Maureen Riolo (class of 2020)

If I had to pick my favourite aspect of Trinity Business School’s MSc in Entrepreneurship programme, I would have to say it was the speaker series. It allowed us direct access to successful entrepreneurs who had overcome the challenges of building a thriving business, and their insights were really useful.

Much of the course is very hands-on and practical in this way; I would say it’s a 50/50 split between traditional classroom learning and interacting with successful business people and asking them questions. The assignments too were anchored to real-world experiences and had real-world applications; it meant that when I finished the programme, I felt confident I could apply all the knowledge I had gained and forge my own path with specific entrepreneurial thinking.

There is only so much you can learn from books when it comes to being a success, and fortunately, the course was built with that in mind. When I joined the programme, I was young -- and to be honest, that was a little daunting at times! The people around me were older and had lots of industry experience. It was a bit intimidating, but it meant I also learned from my peers, not just the lecturers. People come from all around the world and from all walks of life to learn at Trinity. I feel like masters programmes in Ireland tend to attract more people with robust career experience, or at least that’s how it seemed when I compared my educational experience at Trinity to my friends who learned in other countries.

Trinity Business School is something of a melting pot of cultures, which in itself helps broaden your perspective, and helps you learn how to navigate interactions with people from different cultures, which is a really useful skill to have. The Trinity environment itself is a great place to network too -- there are lots of societies to attend that are related to entrepreneurship. I’m from Lyon originally but I lived in Dublin for five years. I had intended to stay in Ireland after my masters, but the pandemic made everything very uncertain.

So, when I got the offer to join the French arm of GoStudent, an Austrian edtech start-up, I packed up my things and returned to France for the next phase of the adventure, so to speak. GoStudent was founded in 2016 and has grown rapidly since then. There were less than 100 employees when I started, and I was part of the first employees opening the French market. France was one of the first markets GoStudent expanded into. Since then, it has expanded in 23 countries and more than 1,800 employees worldwide.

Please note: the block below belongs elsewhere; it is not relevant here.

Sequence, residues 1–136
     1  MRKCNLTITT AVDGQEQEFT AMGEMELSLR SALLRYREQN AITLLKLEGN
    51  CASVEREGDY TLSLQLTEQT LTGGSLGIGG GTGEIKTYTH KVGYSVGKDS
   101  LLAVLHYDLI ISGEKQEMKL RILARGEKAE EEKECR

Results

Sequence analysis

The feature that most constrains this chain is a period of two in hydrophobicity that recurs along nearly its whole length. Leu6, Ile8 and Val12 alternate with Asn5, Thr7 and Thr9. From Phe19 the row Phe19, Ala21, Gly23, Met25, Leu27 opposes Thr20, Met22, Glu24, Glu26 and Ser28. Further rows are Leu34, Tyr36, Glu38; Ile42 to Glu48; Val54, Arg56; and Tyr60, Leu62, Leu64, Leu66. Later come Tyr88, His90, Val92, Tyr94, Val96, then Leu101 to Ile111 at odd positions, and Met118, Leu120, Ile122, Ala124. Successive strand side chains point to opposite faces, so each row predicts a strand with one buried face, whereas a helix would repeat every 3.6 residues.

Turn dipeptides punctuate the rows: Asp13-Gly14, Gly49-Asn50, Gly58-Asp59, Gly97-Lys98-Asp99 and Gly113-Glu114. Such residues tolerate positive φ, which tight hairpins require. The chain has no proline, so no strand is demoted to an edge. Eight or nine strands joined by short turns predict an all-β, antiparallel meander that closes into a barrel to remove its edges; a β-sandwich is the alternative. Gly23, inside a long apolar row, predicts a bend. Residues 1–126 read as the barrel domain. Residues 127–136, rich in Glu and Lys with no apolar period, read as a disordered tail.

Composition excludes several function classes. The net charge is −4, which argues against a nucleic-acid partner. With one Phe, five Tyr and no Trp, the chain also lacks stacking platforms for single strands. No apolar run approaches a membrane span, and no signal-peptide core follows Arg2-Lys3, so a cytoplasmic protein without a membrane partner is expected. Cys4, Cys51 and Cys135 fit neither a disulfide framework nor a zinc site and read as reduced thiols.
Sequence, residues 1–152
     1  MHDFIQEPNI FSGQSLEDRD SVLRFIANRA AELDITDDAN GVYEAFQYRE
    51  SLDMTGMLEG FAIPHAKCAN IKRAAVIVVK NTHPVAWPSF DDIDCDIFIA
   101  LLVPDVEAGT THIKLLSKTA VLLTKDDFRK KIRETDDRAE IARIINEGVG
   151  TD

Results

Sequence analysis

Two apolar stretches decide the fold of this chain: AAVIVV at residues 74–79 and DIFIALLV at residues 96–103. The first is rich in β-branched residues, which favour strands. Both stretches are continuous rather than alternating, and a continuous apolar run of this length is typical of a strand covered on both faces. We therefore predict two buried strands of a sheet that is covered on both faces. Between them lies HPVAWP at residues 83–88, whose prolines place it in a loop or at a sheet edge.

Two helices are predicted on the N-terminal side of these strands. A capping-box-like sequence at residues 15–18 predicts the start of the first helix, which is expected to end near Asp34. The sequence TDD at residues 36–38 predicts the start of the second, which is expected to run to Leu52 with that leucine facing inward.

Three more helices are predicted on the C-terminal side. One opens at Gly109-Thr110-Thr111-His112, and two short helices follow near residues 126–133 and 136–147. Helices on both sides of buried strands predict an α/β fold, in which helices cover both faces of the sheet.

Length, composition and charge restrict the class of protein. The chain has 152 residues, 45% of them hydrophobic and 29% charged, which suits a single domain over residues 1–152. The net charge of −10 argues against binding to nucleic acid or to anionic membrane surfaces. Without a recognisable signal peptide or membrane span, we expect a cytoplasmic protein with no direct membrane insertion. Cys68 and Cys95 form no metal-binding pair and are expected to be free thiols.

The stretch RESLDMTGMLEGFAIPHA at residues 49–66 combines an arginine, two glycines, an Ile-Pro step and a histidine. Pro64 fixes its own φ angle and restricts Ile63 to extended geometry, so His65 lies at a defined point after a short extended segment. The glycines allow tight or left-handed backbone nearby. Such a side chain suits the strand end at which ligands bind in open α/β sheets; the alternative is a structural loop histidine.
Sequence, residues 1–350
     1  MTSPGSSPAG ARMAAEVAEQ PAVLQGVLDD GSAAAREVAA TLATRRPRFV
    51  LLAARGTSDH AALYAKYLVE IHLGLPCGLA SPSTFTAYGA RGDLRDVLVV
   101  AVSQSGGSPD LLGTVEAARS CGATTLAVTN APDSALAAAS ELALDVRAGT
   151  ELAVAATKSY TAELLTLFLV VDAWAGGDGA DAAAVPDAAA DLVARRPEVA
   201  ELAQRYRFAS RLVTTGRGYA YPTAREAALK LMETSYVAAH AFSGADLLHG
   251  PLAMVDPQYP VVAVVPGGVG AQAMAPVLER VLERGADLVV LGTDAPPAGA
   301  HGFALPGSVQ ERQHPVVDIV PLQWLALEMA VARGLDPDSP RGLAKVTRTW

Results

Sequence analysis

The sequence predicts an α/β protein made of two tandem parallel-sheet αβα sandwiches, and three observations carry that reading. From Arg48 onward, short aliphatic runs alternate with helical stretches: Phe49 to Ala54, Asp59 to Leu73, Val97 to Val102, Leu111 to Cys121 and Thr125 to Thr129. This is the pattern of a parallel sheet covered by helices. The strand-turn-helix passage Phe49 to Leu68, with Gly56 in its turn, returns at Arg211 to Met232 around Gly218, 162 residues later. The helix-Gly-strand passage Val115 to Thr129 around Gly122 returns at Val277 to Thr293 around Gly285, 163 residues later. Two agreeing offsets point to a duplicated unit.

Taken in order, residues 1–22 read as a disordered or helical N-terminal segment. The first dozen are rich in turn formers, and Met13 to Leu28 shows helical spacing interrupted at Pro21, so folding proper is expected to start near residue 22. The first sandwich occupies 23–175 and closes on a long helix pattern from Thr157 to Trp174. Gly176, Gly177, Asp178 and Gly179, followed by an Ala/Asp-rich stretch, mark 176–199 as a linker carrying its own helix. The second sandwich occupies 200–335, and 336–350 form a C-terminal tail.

In fact, last year, it officially gained unicorn status and beginning of 2022 and hit the position of the highest valued K12 edtech company in Europe with a €3bn valuation. It’s a very exciting and agile environment to work in. Joining a scale-up requires tons of commitment, focus and teamwork, but seeing the fruits of your work as the organisation grows and grows is thrilling.

I’m a senior sales team leader at the company overseeing account managers here. It’s my job to help them achieve key goals and performance indicators, but also to ensure they approach their work at GoStudent with a growth mindset at all times and reach their full potential. I also help them engage with both the students and the parents of the students who use our service, which provides one-on-one virtual tutoring for primary and secondary students across a range of subjects.

I’ve applied many elements of my course learnings here at GoStudent, and the personal development that the masters helped me achieve has really stood to me. It taught me to be resilient and an innovative, entrepreneurial thinker, and also to take initiative. These are all traits that have served me well at GoStudent. The masters gave me the confidence to enter this world and I’m glad to be in it.

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